I decided to write my version of this delicious recipe because people kept asking me how I make my liver pâté. I normally create dishes by depending upon my eye sight, taste, and science background. I realized after measuring what I was doing, I was using different ratios than Mickey's recipe. After talking with folks who have used her recipe, I also realized that I was slow cooking the onions for a longer period. Furthermore, I didn’t add the herbs until the ingredients were all cooled down, which may allow for a stronger herb flavor. In addition, I used a 32 oz container on my Vitamix blender to get the creamiest texture possible (the normal container is a 64 oz container). I am guessing that the types of fats I used made a huge difference in taste and texture too. I typically buy grass-fed or pasture raised products. Lastly, I do spend a lot of attention on how I cook each ingredient; making sure I don’t burn or undercook for nutrition, texture, and taste.
Lard: Monosaturated fats, saturated fats, & polyunsaturated fats.
Duck fat: Monosaturated fats, long chain saturated fats, & polyunsaturated fats,
Onions: Biotin, chromium, manganese, copper, vitamin B6, B1, K, & C, dietary fiber, phosphorus, potassium, thiamin, folate; sulfur compounds (ex. allinase released when it is cut or crushed); flavonoids like quercetin; phenolic acids (ellagic, caffeic, sinapic, & p-coumaric); sterols; saponins; pectin; & volatile oils.
Thyme: Vitamin C, iron, manganese, fiber, copper; volatile oils, such as carvacol, borneol, geraniol, thymol, flavonoids (ex. apigenin, naringenin, luteolin, & thymonin).
Rosemary: Vitamin A, vitamin C, manganese, iron, fiber, copper, calcium, mangnesium, & B vitamins; contain powerful rosmarinic acid, flavonoids & volatile oil.
Liver: Phosphorus, magnesium, potassium, iron, zinc, copper, Retinol (preformed vitamin A - an easier digestible version of vitamin A), vitamin D, vitamin E, vitamin C, & B vitamins [thiamin, riboflavin, niacin, pantothenic acid, vitamin B6, B9 (folate), biotin, & vitamin B12].
Murray, M. Pizzorno, J. Pizzorno, L. (2005). The Encyclopedia Of Healing Foods New York, New York: Atria Books.
Kresser, C. (2011, February). 9 Steps to Perfect Health - #2: Nourish Your Body. Retrieved from http://chriskresser.com/9-steps-to-perfect-health-2-nourish-your-body/
Kresser, C. (2011, February). 5 Fats You Should Be Cooking With But Not Be. Retrieved from https://chriskresser.com/5-fats-you-should-be-cooking-with-but-may-not-be/
Yesterday, I attended a San Francisco signing for the New Whole 30 book. While attending this event, I contemplated on how much my relationship with food has changed since implementing Whole 30 as part of my Autoimmune Paleo Protocol (AIP). And how my new relationship with food has impacted my current health.
Before starting Whole 30, I couldn’t sit at a cafe without endulging myself on some type of dessert or sweet pastry. After several Whole 30’s and working with an Integrative Doctor, I no longer get caught in this type of behaviorial pattern. Now, I can walk into a cafe, order some cupcakes, and give them as a gift to a friend without ‘taste trying’ them. And when I do endulge, it is with full awareness. Some people may call this building self-control. I would call it what Whole 30 folks label it - ‘Total Health and Food Freedom’.
By going through several Whole 30’s while on AIP, I learned how foods - including different sugars - impacted my body, mind, and spirit. Following this type of paleo based elimination diet and lifestyle wasn’t an easy task. It is why I repeated the program several times - a total of 5 times. Each time I got back on the Whole 30 path and fell off of it, I returned back with more strength and wisdom.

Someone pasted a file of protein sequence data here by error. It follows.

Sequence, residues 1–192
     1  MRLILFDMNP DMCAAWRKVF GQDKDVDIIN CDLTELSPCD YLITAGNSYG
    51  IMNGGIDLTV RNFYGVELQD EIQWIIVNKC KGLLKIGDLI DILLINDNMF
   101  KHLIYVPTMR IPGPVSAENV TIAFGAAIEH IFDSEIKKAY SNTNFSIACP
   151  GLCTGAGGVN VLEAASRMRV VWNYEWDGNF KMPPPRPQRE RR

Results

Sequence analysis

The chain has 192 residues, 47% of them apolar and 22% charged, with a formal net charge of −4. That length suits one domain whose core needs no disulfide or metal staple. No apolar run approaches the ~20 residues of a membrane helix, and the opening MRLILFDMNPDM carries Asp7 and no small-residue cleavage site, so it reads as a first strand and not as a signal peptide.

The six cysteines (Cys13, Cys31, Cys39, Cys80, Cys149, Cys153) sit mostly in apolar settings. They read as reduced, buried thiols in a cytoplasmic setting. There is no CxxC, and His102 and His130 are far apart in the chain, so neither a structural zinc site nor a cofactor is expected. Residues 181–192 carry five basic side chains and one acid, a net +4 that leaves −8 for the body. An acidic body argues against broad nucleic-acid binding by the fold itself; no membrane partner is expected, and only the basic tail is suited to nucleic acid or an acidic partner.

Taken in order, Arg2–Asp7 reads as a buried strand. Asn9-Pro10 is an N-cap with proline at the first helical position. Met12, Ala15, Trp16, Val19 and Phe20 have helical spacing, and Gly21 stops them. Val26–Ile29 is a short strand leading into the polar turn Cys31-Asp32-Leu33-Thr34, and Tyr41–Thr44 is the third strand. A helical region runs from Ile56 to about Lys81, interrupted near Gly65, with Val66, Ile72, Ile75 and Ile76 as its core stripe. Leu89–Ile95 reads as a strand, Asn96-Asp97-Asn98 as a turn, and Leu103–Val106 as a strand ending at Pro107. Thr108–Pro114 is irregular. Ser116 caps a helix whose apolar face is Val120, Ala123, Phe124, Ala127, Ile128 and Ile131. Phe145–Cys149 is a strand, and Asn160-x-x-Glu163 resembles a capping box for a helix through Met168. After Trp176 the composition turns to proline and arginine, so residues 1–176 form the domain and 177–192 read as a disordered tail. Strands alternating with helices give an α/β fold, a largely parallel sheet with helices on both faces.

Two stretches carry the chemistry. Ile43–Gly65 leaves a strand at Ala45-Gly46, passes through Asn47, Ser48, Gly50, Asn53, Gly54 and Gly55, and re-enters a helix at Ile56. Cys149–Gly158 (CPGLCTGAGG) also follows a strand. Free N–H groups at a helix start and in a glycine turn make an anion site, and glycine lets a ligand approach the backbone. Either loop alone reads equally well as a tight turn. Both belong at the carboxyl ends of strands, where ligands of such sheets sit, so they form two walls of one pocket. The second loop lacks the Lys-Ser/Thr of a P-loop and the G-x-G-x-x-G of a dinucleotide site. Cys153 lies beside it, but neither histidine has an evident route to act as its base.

I decided to first try Whole 30 due to their social media accounts on Instagram and Facebook. With their behavioral coaching messages and nutrient dense recipes, I got hooked to following their daily posts. In addition, I loved how I rarely saw them post a sweet ‘treat’. Their zero tolerance - if you exclude Melissa’s Cadbury Eggs - for posting added sugars on social media was great for sugar sensitive folks like myself.
This month may be my last Whole 30, since I feel pretty close to ‘food freedom’ and feeling as good as I can through the changes I have made while on the program. This doesn’t mean to say that I still don’t experience food or sugar cravings, but my old habit to give into unhealthy ones rarely pop up. I have replaced my endulgences with habits that support a diet and lifestyle appropriate for me. And when I do eat added sugars or other foods that don’t nourish me, it is from a more conscious place with full awareness.
If you don’t know already, I am following a diet and lifestyle protocol called the Autoimmune Paleo Approach (AIP) to heal from an autoimmune condition called Ankylosing Spondylitis. In case the term AIP is not familiar with you, it is an elimination diet that is nutrient-dense focused, along with a lifestyle approach to support the process of healing for people with chronic conditions.
One of the popular questions I receive from folks is, "What CAN I eat on AIP when seeds, nuts, grains, egg whites, nightshades, additives, added sugar, and legumes are not included?" I normally answer back that I have plenty of choices of foods that I CAN eat - such as vegetables, herbs, starches, meats, seafood, berries, lemons (I don't do well with the other forms of citrus), sea salts, offal, and good fats.
The more appropriate question I would love to receive more often is, "Do I know how to cook and have the willingness to experiment with my food choices?" Without my ability to cook and willingness to experiment, I would not have lasted long on AIP. I would not have tried cooking nutrient-dense dishes that I now have on a weekly basis - such as liver pâté and bone broth. Ultimately, I would have gotten bored with my food choices and my past standard flavor combinations. On top of that, I would have had to spend so much more money to eat this type of food at a San Francisco restaurant on a daily basis.
Because it is much easier to track and control the type of food and its cost when I buy and cook it, I encourage people following AIP to do the same and to learn how to cook in whatever way works for them. There are YouTube videos, books, workshops, friends, relatives, social media, and you experimenting (how we all learn) with food. For inspiration and proof it can be done, I have some pictures of dishes I have made while on my elimination diet. Do any of the dishes look deprived or lacking? Geez, I hope not!
If you know of anyone who could benefit from following AIP, please share my story with them.